Space Forge plans to launch reusable craft into Space

Space Forge plans to launch reusable craft into Space

When Josh Western and Andrew Bacon set up their Space Forge company last year, they had a garage to work in and little else. Today, the two Cardiff-based entrepreneurs have a staff of 25 and are planning further expansion after raising 7.6 m of international seed-funding.

The financing that will be announced later this week is expected to allow the company to start a remarkable aerospace endeavour: deploying satellites in which new alloys, medicines and semiconductors can be manufactured in outer space and then brought back to Earth. The first missions are planned for the end of 2022.

Western said that Earth is a wonderful place to live but terrible for manufacturing so many things. You have to fight gravity and the dense atmosphere while trying not to cause pollution. But in space you have no gravity to interfere with the mixing of materials, while you have a pure vacuum and no atmospheric pollution. You can also turn your instruments towards or away from the Sun to heat or cool them quickly. The issue is getting into space. Space Forge believes that its reusable factories will provide the answer, as it has received backing from the European Space Agency and the UK Space Agency. These oven-sized craft, called ForgeStar orbital vehicles, will be launched more than 300 miles above Earth.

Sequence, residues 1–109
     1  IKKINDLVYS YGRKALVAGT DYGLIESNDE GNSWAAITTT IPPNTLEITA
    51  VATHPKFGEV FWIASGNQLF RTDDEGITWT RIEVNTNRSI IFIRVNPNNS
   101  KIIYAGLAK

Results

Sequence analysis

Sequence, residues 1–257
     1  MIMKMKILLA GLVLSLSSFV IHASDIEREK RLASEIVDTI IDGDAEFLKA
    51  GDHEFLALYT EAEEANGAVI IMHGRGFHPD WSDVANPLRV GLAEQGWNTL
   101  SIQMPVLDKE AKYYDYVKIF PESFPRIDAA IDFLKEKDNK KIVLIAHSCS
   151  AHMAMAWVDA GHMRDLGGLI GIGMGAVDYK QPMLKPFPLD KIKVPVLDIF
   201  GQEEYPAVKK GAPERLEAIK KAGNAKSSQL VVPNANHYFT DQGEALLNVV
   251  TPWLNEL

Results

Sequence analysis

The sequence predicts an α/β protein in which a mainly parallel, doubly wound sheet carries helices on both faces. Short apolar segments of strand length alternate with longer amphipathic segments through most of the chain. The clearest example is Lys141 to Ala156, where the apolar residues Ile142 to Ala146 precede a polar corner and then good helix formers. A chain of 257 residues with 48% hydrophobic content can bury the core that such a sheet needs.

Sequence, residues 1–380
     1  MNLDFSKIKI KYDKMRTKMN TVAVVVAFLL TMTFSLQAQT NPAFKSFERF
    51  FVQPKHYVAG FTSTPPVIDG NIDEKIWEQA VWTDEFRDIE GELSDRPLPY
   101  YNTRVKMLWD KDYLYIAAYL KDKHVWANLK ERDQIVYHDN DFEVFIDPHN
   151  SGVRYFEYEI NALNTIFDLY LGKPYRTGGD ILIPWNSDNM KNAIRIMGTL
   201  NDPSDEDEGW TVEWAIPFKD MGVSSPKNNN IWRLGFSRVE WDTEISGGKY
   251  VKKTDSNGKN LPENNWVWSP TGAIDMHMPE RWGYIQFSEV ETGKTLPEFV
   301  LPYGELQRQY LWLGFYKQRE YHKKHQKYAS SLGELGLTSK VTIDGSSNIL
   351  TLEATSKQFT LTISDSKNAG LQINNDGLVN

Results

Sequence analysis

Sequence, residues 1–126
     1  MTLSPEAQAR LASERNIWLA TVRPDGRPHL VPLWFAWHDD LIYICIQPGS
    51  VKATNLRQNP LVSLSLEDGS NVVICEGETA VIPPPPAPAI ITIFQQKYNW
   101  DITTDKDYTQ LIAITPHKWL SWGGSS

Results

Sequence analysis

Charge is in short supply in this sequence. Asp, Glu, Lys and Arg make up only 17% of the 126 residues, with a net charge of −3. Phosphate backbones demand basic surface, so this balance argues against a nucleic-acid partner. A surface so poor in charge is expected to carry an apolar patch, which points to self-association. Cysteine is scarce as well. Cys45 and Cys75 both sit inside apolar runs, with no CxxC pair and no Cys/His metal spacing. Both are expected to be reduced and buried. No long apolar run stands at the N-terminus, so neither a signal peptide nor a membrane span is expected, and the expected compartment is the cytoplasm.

They will exploit the simple launch systems that are developing by aerospace companies such as Virgin Orbit. Small rockets are carried on jumbo jets into the upper atmosphere and then fired into space. ForgeStar vehicles will circle Earth for one to six months once they are in orbit. Automated robotic systems will be responsible for the manufacturing and testing of alloys, pharmaceuticals and electronic components that can't be made on Earth.

It should change the way materials are manufactured in microgravity. Experiments on the International Space Station have shown the value of space manufacturing, said Western. An example of glass fibres used in communication systems is fluoride. They tend to be a bit cloudy on Earth. The space station's materials are crystal clear and 10 to 100 times better at transmitting signals.

Our ForgeStar vehicles are designed to make materials like that. This week, Space Forge will release details of the funding it has raised from US, UK and other investors, including the Berlin-based World Fund and the US-based SpaceFund. International investors are impressed, said Paul Bate, chief executive of the UK Space Agency. The investment was four times oversubscribed and millions of pounds secured to support the company on the next steps of its journey. This point was supported by Western. We hope to have our first ForgeStar in space by the end of 2022, and we hope that we will be able to get our first ForgeStar into space by the end of 2022.